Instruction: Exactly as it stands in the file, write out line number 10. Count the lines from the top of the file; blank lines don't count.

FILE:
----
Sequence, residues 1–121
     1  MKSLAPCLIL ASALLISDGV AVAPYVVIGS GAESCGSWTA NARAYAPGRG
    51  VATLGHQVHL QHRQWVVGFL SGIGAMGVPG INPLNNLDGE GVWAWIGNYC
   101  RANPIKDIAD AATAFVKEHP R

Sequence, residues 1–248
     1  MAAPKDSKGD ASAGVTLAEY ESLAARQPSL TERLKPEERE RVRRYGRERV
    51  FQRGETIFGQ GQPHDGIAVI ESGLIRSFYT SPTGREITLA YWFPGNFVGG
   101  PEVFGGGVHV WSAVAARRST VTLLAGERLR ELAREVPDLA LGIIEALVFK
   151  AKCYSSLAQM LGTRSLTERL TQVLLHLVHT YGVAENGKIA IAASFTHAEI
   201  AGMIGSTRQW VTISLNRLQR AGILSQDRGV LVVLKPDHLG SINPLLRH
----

   201  AGMIGSTRQW VTISLNRLQR AGILSQDRGV LVVLKPDHLG SINPLLRH